For instance, if one farmer could plough 20 mu (1.3 hectare) of land, and each mu of land could earn him 500 yuan (US$60) a year, then that farmer could have an annual income of 10,000 yuan (US$1,200), which is about the same level as his urban counterpart can earn.

Clearly, the more hectares the farmer ploughs, the more he will earn.

For such economies of scale to work, however, we must persuade farmers to transfer their land into one big farm.

Admittedly, efforts were already made years ago in some pilot areas to promote such operations by encouraging land transfer among farmers.

But little headway has been made in those areas.

The main stumbling block in promoting such an operation is the lack of a framework that will encourage farmers to transfer their land.

The majority of the farmers-turned-migrant workers, fearing the risks involved in finding jobs in cities, are reluctant to transfer their land to others when they leave home to find work in cities. They still view land as their guarantee in case they lose their city jobs.

And in cases where migrant workers are willing to transfer their land, they usually demand a high price, driving away many potential bidders.

The government should step in to break the deadlock involved in land transfers.

Currently, a feasible solution to resolve the problem is to transform the Agriculture Development Bank of China into a national land bank, which could then act as a policy bank.

The proposed "land bank" should have a "high deposit interest rate and low lending rate," a formula that is designed to encourage farmers to deposit their idle land in the bank. This also gives incentives for farmers who want to plough more land and need to borrow from the bank.

Experience from developed countries shows that, as an intermediary, land banks have three major contributions to helping concentrate land.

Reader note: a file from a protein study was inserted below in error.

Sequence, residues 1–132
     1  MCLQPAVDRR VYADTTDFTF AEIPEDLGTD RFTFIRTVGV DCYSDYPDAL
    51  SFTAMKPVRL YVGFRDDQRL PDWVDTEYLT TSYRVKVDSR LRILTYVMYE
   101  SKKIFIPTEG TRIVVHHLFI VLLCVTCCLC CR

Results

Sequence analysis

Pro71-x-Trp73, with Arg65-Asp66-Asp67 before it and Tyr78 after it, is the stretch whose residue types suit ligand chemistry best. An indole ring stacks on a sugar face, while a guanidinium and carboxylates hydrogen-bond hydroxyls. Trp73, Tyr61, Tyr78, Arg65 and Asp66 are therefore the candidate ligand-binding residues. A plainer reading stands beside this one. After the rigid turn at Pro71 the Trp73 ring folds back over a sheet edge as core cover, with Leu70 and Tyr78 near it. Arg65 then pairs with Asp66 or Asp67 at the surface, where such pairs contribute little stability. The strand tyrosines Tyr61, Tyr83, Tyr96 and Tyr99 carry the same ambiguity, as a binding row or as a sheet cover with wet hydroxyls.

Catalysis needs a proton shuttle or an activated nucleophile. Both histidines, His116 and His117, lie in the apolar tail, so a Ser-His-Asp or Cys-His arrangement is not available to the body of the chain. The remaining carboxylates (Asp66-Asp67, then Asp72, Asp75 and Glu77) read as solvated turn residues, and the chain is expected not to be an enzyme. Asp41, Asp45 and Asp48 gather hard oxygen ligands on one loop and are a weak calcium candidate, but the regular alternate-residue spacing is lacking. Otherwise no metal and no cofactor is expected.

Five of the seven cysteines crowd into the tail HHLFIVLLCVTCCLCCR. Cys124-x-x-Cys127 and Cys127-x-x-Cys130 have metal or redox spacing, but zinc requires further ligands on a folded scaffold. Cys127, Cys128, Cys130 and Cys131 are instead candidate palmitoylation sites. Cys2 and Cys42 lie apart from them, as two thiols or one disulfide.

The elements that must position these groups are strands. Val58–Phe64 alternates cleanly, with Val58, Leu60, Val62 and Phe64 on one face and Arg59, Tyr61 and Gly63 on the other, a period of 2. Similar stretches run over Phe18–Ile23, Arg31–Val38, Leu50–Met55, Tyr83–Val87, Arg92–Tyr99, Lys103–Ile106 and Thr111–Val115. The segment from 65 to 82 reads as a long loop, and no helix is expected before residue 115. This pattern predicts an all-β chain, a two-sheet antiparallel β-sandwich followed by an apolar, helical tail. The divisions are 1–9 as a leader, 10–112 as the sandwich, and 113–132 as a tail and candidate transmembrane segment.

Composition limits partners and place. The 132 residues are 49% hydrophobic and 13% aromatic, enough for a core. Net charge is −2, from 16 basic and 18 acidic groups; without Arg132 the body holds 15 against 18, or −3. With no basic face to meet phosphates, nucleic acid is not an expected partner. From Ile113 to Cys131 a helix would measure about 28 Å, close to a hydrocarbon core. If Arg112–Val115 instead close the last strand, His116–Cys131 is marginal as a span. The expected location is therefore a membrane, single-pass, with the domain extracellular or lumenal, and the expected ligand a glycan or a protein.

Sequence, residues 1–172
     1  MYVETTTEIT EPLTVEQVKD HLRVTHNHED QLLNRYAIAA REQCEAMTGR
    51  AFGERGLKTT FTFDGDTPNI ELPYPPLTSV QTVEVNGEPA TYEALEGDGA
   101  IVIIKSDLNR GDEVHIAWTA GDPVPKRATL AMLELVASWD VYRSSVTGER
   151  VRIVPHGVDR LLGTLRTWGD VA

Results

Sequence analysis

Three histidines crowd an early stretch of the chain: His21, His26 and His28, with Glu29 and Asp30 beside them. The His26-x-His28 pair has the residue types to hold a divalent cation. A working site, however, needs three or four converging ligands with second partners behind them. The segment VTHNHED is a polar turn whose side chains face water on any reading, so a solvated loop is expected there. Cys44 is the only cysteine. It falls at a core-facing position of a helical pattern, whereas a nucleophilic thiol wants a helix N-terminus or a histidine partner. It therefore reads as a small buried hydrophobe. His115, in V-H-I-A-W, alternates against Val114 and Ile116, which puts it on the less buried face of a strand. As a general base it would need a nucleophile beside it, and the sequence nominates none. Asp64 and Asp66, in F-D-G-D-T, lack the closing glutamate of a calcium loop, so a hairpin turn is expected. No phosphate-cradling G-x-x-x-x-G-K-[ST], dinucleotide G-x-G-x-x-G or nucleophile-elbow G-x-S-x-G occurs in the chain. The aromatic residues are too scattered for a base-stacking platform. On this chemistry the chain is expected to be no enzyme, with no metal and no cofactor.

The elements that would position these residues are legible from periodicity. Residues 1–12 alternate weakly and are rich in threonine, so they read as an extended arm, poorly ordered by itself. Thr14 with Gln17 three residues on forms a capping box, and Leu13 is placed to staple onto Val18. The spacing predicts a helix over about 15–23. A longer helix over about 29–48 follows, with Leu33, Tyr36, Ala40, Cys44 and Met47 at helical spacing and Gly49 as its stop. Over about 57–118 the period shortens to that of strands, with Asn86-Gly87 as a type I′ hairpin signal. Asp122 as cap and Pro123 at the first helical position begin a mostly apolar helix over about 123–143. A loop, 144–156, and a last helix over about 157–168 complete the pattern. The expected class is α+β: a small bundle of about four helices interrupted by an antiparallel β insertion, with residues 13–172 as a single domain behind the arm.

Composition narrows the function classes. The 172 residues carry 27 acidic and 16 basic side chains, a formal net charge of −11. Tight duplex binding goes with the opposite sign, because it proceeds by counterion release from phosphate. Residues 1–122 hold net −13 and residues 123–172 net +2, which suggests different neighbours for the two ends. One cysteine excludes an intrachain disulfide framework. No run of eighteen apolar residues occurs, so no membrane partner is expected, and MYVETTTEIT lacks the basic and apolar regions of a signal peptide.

First, land banks can regulate the current disorderly land transfer market.

Second, they can bring together scattered land into larger chunks, and then lend them to those who want to start big farms, thus creating economies of scale.

And finally, as a national policy bank that is supported by the State, it will build up the trust of the farmers-turned-migrant workers so they are willing to deposit their land in the banks when they go to work in the city. As such, usually idle land will be tended.

Although the proposed land bank has many merits, it faces one technical problem that has to be tackled if it is to work.

Because the bank follows the business formula of "high deposit interest rate and low lending rate," it will result in huge losses, which gives rise to the question of who should foot the bill?

In my view, it is a bill that should be paid by the State.

The government should pay this price in order to maintain grain security.

It is recommended that the government earmark a special portion out of its budget to subsidize the land bank.

If the government's purse strings are too tight, it could consider introducing a grain security tax to cover the bill.

(China Daily May 17, 2005)